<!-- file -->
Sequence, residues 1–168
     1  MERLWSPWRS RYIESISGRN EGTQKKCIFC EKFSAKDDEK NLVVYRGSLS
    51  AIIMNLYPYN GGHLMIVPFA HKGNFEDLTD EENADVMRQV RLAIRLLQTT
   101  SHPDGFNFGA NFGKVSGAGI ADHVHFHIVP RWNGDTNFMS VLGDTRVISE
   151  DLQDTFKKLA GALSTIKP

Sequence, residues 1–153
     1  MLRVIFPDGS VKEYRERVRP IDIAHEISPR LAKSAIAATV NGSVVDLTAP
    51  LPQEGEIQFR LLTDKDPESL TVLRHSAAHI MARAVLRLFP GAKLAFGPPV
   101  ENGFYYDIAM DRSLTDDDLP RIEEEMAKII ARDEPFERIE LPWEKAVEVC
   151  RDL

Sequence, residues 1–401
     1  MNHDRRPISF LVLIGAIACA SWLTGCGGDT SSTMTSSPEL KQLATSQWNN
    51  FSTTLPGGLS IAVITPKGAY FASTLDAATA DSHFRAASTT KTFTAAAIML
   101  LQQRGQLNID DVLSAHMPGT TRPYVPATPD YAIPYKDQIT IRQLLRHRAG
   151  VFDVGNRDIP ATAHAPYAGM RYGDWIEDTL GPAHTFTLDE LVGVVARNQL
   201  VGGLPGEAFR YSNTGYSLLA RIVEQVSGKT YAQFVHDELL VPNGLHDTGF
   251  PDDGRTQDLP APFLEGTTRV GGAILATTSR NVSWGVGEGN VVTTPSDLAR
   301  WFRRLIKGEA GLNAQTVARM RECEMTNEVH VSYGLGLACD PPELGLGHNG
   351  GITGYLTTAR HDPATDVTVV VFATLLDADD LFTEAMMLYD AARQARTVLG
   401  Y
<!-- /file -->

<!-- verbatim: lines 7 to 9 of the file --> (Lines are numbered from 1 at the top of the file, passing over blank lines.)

     1  MLRVIFPDGS VKEYRERVRP IDIAHEISPR LAKSAIAATV NGSVVDLTAP
    51  LPQEGEIQFR LLTDKDPESL TVLRHSAAHI MARAVLRLFP GAKLAFGPPV
   101  ENGFYYDIAM DRSLTDDDLP RIEEEMAKII ARDEPFERIE LPWEKAVEVC